Patel responds: First and foremost, I think they’ll appreciate the familiarity of the pressures Indian parents may put on their children, and the emotional angst that can be a hallmark of the romance genre. The general expectation of Bollywood films is that there be a certain sense of melodrama, and to some degree, I think I’ve fulfilled that—romance is all about emotion, after all. But considering I was born and raised in the United States and brought up with a steady diet of both Bollywood films and music, as well as American television and pop culture, I hope I’ve achieved a more balanced approach that lets both storytelling traditions shine through.

Thank you for some truly wonderful questions!

Thank you Ms Patel! I wanted to add my responses under your lovely replies, however, I’ve been having tech issues this weekend, and I will have to wait to add them when my connection stablises! I loved this conversation!  This is also why your author biography and author photograph is missing. I will be editing this post as soon as I can! I apologise!

Fun Stuff for Your Blog via


Similar to blog tours where I feature book reviews, as I choose to highlight an author via a Guest Post, Q&A, Interview, etc., I do not receive compensation for featuring supplemental content on my blog. I provide the questions for interviews and topics for the guest posts; wherein I receive the responses back from publicists and authors directly. I am naturally curious about the ‘behind-the-scenes’ of stories and the writers who pen them; I have a heap of joy bringing this content to my readers.

 {SOURCES: Cover art for “Soulmated” along with the author photograph & biography, the book synopsis, the tour badge were all provided by Month9Books and used with permission. Tweets were able to be embedded by the codes provided by Twitter. Post dividers provided by Fun Stuff for Your Blog. Conversations with the Bookish banner made by Jorie in Canva.}

Copyright © Jorie Loves A Story, 2017.

Comments via Twitter:

About jorielov

I am self-educated through local libraries and alternative education opportunities. I am a writer by trade and I cured a ten-year writer’s block by the discovery of Nanowrimo in November 2008. The event changed my life by re-establishing my muse and solidifying my path. Five years later whilst exploring the bookish blogosphere I decided to become a book blogger. I am a champion of wordsmiths who evoke a visceral experience in narrative. I write comprehensive book showcases electing to get into the heart of my reading observations. I dance through genres seeking literary enlightenment and enchantment. Starting in Autumn 2013 I became a blog book tour hostess featuring books and authors. I joined The Classics Club in January 2014 to seek out appreciators of the timeless works of literature whose breadth of scope and voice resonate with us all.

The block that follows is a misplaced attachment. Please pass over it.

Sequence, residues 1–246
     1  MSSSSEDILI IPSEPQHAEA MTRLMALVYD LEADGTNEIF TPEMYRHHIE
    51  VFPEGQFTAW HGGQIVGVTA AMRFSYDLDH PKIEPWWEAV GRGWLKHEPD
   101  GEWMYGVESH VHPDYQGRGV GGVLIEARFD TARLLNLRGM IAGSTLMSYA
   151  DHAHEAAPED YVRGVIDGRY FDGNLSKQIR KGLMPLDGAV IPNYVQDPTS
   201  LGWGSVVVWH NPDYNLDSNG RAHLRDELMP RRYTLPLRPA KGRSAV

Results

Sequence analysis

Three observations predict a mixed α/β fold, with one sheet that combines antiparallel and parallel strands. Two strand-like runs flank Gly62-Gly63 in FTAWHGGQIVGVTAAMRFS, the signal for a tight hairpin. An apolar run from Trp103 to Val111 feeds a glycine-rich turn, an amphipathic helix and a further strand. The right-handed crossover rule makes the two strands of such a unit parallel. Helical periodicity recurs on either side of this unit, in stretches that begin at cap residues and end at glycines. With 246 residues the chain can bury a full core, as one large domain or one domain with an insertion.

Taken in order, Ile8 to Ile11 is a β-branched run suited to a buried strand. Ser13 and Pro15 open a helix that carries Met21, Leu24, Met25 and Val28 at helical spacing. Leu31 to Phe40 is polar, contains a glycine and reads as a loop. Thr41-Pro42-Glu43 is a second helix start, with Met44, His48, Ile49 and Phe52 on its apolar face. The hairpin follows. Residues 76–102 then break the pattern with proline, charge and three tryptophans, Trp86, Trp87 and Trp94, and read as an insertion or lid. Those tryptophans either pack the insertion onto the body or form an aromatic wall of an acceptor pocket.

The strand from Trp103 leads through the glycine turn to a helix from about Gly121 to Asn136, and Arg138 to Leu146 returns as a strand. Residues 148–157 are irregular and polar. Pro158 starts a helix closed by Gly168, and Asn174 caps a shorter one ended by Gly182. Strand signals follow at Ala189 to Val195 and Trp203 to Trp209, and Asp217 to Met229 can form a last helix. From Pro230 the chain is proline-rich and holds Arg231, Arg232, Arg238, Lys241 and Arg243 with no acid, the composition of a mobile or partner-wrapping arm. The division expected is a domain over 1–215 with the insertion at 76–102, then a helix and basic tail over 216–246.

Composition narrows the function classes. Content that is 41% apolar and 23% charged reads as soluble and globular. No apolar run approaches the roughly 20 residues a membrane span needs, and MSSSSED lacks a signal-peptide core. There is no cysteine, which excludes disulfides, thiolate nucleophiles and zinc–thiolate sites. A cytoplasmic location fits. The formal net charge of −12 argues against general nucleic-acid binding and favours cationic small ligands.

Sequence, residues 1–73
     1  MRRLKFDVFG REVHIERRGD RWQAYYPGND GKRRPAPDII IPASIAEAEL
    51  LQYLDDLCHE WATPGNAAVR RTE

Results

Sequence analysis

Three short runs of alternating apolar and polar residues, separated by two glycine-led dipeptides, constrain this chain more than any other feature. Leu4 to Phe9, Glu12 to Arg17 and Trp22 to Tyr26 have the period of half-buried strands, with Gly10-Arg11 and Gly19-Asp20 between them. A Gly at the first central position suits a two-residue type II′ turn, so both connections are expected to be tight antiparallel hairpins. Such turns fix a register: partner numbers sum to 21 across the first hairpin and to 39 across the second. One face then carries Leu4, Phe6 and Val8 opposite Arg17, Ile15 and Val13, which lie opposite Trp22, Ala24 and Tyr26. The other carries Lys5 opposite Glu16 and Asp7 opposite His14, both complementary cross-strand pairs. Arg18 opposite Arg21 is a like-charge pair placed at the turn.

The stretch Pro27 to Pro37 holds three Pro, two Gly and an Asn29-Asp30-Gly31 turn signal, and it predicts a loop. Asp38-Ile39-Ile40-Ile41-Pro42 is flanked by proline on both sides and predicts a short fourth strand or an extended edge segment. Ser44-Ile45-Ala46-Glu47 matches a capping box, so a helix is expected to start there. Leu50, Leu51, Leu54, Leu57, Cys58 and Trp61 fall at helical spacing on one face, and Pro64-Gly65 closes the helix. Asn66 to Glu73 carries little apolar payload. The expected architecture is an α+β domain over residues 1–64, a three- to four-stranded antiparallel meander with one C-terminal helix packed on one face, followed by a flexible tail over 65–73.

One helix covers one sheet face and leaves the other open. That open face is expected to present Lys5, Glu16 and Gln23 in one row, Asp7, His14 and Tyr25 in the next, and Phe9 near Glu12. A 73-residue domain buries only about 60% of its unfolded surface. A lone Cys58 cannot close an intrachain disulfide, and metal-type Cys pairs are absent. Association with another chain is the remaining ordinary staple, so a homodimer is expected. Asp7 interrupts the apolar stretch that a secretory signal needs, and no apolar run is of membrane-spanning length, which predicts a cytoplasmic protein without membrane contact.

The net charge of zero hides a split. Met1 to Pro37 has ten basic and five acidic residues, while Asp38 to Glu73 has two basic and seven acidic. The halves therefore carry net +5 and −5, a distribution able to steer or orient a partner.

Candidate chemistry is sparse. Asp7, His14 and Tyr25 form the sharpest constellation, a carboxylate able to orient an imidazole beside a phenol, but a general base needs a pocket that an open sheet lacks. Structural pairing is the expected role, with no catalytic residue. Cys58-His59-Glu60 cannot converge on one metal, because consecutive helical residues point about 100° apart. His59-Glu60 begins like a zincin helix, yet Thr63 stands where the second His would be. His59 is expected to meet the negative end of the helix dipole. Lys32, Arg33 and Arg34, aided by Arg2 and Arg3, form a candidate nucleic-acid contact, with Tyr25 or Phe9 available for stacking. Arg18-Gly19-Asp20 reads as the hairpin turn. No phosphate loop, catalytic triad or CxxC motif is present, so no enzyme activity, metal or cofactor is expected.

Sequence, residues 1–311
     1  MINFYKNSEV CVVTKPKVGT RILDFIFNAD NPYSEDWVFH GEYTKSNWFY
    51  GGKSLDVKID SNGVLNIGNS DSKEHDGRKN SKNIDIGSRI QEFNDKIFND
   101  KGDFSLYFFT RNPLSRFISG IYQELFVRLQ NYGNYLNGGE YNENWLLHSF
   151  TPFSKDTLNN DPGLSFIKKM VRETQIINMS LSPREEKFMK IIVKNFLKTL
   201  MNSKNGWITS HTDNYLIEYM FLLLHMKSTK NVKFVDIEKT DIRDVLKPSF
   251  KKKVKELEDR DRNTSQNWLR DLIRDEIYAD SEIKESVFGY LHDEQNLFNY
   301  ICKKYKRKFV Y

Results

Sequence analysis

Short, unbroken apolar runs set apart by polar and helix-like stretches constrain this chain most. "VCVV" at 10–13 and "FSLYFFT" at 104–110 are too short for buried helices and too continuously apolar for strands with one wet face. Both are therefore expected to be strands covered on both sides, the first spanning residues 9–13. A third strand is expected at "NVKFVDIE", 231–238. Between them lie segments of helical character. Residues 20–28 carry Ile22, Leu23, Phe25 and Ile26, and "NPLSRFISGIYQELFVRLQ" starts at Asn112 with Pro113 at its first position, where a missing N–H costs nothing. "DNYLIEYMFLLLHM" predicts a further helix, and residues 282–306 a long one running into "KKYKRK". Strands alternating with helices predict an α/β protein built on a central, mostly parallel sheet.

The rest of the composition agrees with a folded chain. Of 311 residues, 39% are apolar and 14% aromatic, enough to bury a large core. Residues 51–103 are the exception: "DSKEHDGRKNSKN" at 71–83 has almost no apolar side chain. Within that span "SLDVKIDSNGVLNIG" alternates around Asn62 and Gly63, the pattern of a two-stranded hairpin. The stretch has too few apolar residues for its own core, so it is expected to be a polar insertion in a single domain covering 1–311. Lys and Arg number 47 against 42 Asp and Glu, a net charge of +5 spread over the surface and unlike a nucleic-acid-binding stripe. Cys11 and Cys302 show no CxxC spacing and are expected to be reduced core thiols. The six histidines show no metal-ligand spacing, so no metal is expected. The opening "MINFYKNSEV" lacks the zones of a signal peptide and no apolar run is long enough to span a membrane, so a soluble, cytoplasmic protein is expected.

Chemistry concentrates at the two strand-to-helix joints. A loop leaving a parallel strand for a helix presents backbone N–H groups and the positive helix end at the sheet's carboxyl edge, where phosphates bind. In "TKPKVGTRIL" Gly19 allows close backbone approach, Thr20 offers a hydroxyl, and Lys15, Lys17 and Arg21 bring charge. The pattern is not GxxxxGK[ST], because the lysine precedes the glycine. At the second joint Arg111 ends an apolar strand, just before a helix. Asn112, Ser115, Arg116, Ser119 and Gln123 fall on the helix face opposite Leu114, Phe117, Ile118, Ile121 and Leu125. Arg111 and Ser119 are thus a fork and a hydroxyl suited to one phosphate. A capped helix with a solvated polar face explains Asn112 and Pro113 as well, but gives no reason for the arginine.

"I write my heart out and own my writing after it has spilt out of the pen." - self quote (Jorie of Jorie Loves A Story)

read more >> | Visit my Story Vault of Book Reviews | Policies & Review Requests | Contact Jorie


Posted Monday, 30 January, 2017 by jorielov in Bits & Bobbles of Jorie, Blog Tour Host, Book Cover | Notation on Design, Book Spotlight of E-Book (ahead of POD/print edition), China, Chinese Literature, Coming-Of Age, Compassion & Acceptance of Differences, Equality In Literature, Fantasy Fiction, Folklore and Mythology, Good vs. Evil, Illustrations for Stories, Indie Author, Indie Book Trade, Month9Books, Multi-cultural Characters and/or Honest Representations of Ethnicity, Parapsychological Gifts, Stories on the Rise, Teenage Relationships & Friendships, YA Fantasy, Young Adult Fiction

All posts on my blog are open to new comments & commentary!
I try to visit your blog in return as I believe in ‘Bloggers Commenting Back
(which originated as a community via Readers Wonderland).

Comments are moderated. Once your comment is approved for the first time, your comments thereafter will be recognised and automatically approved. All comments are reviewed and continue to be moderated after automated approval. By using the comment form you are consenting with the storage and handling of your personal data by this website.

Once you use the comment form, if your comment receives a reply (this only applies to those who leave comments by email), there is a courtesy notification set to send you a reply ticket. It is at your discretion if you want to return to re-respond and/or to continue the conversation established. This is a courtesy for commenters to know when their comments have been replied by either the blog's owner or a visitor to the blog who wanted to add to the conversation. Your email address is hidden and never shared. Read my Privacy Policy.

Leave a Reply

(Enter your URL then click here to include a link to one of your blog posts.)